The thing those attempting to learn German complain about the most, are the three definite articles for singular nouns – der, die and das. You’re off to a great start if you know that der is used for masculine, die for feminine and das for neutral nouns, but how do you even know whether a German word is masculine, feminine or neutral? Easy answer: you don’t. The allocation is purely arbitrary and native speakers almost always know intuitively which article to use. If you get those right, you really have nailed the German language.
Now and again, German place names make the rounds on the internet that have English speakers giggling hysterically or being downright offended. There are genuine towns and landscapes in Germany that go by such names as Mount Wank, Titz and Weener and their name has nothing to do with what English native speakers might assume. If you don’t get the giggles but rather laugh at the signs for Dümmer (more stupid), Pups (fart) and Kotzen (vomiting), you’re on the right track.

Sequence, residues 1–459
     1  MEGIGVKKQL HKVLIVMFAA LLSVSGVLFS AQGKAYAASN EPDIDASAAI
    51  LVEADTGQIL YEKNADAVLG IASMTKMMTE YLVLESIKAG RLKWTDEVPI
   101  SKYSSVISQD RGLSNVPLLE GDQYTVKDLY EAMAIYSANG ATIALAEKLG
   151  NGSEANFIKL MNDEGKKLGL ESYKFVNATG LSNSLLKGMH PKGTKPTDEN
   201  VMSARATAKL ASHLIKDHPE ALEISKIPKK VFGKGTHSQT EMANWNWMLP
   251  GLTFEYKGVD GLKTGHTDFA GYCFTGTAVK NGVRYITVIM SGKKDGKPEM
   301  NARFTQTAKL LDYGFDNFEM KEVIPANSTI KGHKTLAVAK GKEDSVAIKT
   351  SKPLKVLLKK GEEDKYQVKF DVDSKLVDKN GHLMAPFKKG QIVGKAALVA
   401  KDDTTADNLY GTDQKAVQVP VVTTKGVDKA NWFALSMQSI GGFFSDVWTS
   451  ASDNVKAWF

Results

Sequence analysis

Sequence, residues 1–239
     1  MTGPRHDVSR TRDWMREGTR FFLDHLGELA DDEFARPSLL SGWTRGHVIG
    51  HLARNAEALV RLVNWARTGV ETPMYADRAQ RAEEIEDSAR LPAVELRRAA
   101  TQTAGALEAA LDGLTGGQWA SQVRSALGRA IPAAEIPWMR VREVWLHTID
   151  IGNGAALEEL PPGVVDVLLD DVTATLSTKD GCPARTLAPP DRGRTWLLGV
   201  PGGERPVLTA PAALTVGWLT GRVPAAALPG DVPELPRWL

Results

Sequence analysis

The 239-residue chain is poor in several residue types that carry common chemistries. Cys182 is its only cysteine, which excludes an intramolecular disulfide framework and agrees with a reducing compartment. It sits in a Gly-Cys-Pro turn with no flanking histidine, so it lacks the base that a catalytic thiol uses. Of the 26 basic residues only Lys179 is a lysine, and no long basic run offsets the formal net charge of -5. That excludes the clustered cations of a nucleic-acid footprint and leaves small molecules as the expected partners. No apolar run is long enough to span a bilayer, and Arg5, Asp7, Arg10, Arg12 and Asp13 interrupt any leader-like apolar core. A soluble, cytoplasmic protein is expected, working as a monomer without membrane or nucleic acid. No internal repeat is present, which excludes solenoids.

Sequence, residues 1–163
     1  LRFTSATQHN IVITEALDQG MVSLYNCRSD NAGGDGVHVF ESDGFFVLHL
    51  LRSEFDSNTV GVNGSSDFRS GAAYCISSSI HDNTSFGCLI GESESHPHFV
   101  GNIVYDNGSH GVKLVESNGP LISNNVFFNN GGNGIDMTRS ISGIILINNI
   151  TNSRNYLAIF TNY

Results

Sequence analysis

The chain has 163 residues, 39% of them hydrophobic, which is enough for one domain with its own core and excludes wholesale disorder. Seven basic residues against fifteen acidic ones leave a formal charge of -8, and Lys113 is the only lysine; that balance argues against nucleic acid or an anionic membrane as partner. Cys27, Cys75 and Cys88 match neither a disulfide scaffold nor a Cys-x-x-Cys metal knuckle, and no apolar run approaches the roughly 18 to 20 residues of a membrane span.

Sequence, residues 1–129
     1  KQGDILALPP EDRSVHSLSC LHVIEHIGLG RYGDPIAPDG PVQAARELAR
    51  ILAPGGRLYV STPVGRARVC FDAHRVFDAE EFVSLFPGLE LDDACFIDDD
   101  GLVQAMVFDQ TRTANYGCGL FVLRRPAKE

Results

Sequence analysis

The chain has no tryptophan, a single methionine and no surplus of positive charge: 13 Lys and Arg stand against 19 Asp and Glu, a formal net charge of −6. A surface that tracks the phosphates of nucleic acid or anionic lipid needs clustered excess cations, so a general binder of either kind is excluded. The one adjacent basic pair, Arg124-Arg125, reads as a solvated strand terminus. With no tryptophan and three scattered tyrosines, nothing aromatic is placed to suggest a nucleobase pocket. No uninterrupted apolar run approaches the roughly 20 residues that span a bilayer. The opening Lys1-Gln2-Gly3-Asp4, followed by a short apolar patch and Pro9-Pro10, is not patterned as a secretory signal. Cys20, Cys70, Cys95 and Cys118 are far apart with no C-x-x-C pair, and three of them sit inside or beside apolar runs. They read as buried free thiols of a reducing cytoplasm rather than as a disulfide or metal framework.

A first glance at a German text might have you wondering what the weird letters with the two dots on the top are, namely ä, ö and ü. These German Umlaute are additional vowels to a, e, i, o, u and the two dots indicate a slight alteration in sound. Now, the tricky thing is that there are no equivalents in English which makes it difficult to pronounce words including them difficult. If you pronounce ä as the e in ‘bet’ and ö as the e in ‘her’, you’re halfway there. Getting the ü right is twice as difficult, and a lot of linguistic books recommend rounding your lips while saying ‘see’ to imitate the sound. All you can do is practise, practise, practise.